ROCKVILLE, Md., July 6 HHS' Agency for Healthcare Research and Quality today announced "Consejos de Salud Para Ti," (Health Advice for You), a new monthly online health advice column for Spanish-speaking consumers. The column provides evidence-based tips on preventive health, safe and appropriate use of medications and other medical therapies, ways to get better health care, and other key health care issues. The column is part of AHRQ's Informacion en Espanol Web site (http://www.ahrq.gov/consumer/espanoix.htm), which has been enhanced and now includes audio and video in Spanish on a wide range of health care issues.
The inaugural advice column, by AHRQ physician Ileana Ponce-Gonzalez, M.D., focuses on preventive health practices and screening tests for men that are recommended by the AHRQ-supported U.S. Preventive Services Task Force. Dr. Ponce-Gonzalez, who also provides consumer health advice monthly on the Univision Television Network's "Despierta America" morning news show, received her medical degree from the National University of Nicaragua, a Clinical Genetics degree at the University of Chile and a Master of Public Health degree from The Johns Hopkins Bloomberg School of Public Health. She has practiced medicine and public health in her native Nicaragua, the United States, Chile, and Mexico.
According to AHRQ's 2008 National Healthcare Disparities Report, the quality of health care is slowly improving for the nation as a whole but is getting worse for most Hispanics, especially those with limited English proficiency. AHRQ data show that Hispanics are 38 percent less likely than non-Hispanics to have visited the doctor within the past year. In addition, more than a quarter of Hispanic adults have never had their cholesterol checked, two-thirds of Hispanics over 50 have never had a colonoscopy and more than half of Hispanic women over 40 have not had a mammogram within the last year.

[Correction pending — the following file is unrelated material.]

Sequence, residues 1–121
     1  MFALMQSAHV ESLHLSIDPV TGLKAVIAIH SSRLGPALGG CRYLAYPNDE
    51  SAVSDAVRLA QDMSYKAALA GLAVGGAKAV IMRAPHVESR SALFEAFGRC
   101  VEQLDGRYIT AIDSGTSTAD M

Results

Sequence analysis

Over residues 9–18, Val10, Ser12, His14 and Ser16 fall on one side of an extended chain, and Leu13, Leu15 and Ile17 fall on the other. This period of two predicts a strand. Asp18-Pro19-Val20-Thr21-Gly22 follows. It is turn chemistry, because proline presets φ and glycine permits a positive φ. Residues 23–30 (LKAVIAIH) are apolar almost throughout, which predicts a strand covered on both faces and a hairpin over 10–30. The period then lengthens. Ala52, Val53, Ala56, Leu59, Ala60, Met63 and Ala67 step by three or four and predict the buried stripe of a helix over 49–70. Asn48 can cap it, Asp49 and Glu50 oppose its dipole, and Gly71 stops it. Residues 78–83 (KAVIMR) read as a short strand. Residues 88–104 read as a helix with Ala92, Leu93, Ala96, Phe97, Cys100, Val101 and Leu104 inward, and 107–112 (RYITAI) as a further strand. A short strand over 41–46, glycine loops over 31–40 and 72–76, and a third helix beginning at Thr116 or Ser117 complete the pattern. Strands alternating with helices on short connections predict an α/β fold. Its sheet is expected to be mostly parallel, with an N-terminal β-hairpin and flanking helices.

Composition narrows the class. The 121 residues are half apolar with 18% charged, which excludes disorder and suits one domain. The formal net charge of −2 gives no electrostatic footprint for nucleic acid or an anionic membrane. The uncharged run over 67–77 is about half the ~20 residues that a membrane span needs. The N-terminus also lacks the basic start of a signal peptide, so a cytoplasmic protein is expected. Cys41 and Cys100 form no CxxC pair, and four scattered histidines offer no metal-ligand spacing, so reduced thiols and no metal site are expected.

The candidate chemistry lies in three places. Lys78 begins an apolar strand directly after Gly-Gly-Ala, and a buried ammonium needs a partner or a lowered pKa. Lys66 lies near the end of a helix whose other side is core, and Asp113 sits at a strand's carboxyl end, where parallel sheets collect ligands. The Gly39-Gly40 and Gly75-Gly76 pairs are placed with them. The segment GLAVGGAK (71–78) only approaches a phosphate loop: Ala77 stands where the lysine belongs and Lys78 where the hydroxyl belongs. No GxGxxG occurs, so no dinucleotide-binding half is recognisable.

"One factor contributing to why Hispanics have poorer health care than other groups is their lack of access to unbiased, culturally competent information in Spanish," said AHRQ Director Carolyn M. Clancy, M.D. "Consejos de Salud Para Ti" will give Spanish speakers the information they need to be more informed about their health care."
AHRQ's enhanced Spanish-language Web site includes more than 35 consumer guides on health care quality, surgery, health conditions and diseases, quitting smoking, safe use of medicines, understanding health insurance options and prevention and wellness. The 30- and 60-second audio spots on the Web site focus on comparisons of pills for type 2 diabetes, pain medicines for osteoarthritis, tips for preventing blood clots, safe and effective use of blood thinner pills, tips for quitting smoking, preventive health and more. The Web site also features "Superheroes," a national public service campaign developed in partnership with the Advertising Council to encourage Hispanics to become more involved in their health care.
Editors' Note: Sign up for Informacion en espanol (Spanish) e-mail updates from AHRQ at http://www.ahrq.gov/consumer/espanoix.htm. Use Twitter to get AHRQ news updates: www.twitter.com/ahrqnews.
SOURCE Agency for Healthcare Research & Quality